Do you remember the Genesis Planet from Star Trek: The Search for Spock? It was created by Dr. Carol Marcus and the Genesis device. Ecologically the planet contained every possible weather system of Earth all “within a few hours walk,” from one another. That meant you could literally stroll from desert conditions to frozen tundras to hurricane level storms all in one leisurely -albeit- wardrobe defying journey. Well the past few weeks have left us here at the The NYRD feeling as if we are living on Genesis with its crazy weather and possible Vulcan graveyard. One day is hot, the next is cold, on the next it’s like Ceti Alpha VI exploded. Looking out the window these days makes us wonder if we should step outside in shorts or a parka, and it has us worried that we may not always “live long and prosper.”
A United Federation of Commitment
Last week, 150 countries made a pledge to cut carbon emissions, lending optimism to supporters that a real climate treaty could be a possibility for France’s 2015 Climate Summit. The United Kingdom, France, and Germany have promised to double their climate spending by 2020. President Obama has laid out a comprehensive plan to cut carbon emissions in the US by regulating power plants and their output of CO2, and more than 80 companies pledged to make big cuts to their emissions. Even more encouraging, a group of countries have agreed to create a $100 billion-a-year green climate fund, which will help fund climate projects around the world, especially in developing nations. These are all very good signs, but unfortunately they are only a start. The truth is that we have yet to feel the full impact of what is to come, and we are still short of realizing any real goals that will be necessary to save the planet from being just another cosmic redshirt.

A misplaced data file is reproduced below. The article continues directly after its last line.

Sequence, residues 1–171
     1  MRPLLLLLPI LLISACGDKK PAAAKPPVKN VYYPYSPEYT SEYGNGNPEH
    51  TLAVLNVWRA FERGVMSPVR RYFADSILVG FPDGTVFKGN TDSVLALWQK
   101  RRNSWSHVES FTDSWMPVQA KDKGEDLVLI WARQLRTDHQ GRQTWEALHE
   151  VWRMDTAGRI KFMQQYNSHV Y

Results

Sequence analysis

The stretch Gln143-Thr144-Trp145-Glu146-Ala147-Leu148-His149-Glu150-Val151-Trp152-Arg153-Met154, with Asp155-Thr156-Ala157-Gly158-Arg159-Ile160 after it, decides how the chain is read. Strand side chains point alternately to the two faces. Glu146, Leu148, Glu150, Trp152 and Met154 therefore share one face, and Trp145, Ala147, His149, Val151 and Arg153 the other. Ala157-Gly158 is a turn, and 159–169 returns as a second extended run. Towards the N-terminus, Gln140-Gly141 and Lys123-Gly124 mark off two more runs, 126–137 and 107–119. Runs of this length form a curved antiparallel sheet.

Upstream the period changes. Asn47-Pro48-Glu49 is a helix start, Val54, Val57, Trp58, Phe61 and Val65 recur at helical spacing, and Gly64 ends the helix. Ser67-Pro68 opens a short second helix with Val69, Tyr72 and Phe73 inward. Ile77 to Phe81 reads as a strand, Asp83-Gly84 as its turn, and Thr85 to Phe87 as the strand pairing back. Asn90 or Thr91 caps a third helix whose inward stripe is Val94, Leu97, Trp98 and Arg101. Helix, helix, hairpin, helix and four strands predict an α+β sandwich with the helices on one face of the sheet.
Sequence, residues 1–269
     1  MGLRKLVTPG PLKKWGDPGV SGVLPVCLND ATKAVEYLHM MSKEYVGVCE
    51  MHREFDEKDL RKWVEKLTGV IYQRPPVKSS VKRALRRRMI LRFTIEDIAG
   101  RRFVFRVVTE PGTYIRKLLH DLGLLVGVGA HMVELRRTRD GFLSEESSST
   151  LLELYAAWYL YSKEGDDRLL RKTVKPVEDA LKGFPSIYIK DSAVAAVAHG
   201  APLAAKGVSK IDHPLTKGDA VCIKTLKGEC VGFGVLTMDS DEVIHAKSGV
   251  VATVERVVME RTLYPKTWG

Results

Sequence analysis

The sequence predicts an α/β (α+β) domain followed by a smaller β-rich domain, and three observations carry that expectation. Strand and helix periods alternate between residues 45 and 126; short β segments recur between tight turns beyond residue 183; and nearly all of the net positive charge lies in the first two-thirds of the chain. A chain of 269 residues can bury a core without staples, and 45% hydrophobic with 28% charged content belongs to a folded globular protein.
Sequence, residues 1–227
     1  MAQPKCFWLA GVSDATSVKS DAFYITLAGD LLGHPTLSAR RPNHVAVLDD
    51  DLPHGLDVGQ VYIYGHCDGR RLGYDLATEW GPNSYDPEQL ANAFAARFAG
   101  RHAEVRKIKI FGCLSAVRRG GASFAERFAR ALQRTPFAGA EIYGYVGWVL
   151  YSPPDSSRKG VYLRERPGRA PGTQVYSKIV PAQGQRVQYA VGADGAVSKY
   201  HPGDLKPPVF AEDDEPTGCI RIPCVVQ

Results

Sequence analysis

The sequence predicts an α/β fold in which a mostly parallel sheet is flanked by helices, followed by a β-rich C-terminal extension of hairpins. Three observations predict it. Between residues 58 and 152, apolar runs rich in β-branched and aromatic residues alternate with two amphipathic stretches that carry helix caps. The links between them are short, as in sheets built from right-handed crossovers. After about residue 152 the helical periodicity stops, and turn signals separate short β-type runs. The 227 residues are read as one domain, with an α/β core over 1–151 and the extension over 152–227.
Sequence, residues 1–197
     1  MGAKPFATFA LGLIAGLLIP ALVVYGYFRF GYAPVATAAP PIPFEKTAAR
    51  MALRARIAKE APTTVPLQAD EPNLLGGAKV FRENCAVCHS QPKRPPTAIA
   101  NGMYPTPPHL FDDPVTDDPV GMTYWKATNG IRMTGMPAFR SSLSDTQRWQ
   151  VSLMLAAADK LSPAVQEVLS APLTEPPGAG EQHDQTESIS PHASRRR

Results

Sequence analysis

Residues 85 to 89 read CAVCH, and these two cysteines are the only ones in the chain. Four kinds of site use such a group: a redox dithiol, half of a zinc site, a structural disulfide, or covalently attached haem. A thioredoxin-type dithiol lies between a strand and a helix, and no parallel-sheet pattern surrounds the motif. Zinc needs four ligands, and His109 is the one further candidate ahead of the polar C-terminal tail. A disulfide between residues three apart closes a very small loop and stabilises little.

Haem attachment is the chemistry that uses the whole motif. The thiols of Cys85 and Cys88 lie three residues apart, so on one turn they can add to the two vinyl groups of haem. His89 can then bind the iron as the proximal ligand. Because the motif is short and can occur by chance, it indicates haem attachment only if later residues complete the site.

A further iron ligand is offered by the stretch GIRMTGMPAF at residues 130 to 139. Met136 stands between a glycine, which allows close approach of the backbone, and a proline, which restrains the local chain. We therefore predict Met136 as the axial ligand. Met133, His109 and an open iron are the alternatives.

The commitment of the international community is only going to halt the warming of our planet to about 3 degrees Celsius. Unfortunately, most scientists seem to agree that if the temperature of Earth raises by more than 2 degrees the damage to our planet could be catastrophic. It is hoped by many that the estimates of carbon reduction given by the countries are conservative and those amount will increase going forward with better technology and a growing sense of international urgency. More bad news, because damage has already been done. Even containing our levels of global warming below that 2 degree mark still means that we have changed the very balance of our planet’s climate.
The Neutral Zone
Even staying below the 2 degree neutral zone will still mean big changes for the way we live. According to the Proceedings of Natural Sciences who has mined the data of a large selection of different computerized models, they have identified a possible 18 different abrupt climate changes we could experience between now and 2100, even if we stay within conservative warming estimates. The 2 degree limit has been a guardrail of international climate discussions for decades, but we are beginning to realize that any warming -much like any incursion into the Romulan Neutral Zone- could have varying levels of repercussions.
Many simulated models produced events such as: rapid melting of Arctic sea ice, partial or full shutdown of North Atlantic current circulation, and even one model that showed an increased in growth of Indian Ocean sea algae. It is worth noting that other experts have expressed caution about these findings, but they acknowledge that they are not inconsistent with other collected climate change evidence. Messing with Earth’s climate is like letting James T. Kirk monkey around in the past, even the slightest change could alter our future. In fact, if oceans rise a mere meter -3 feet- that still spells a lot of problems for waterfront communities and island nations that could and will lose their homes. Worst of all, this isn’t some future occurrence, this is happening right now. The population of the small island country of Kiribati needs to be evacuated because the country is already sinking and the Maldives could be next.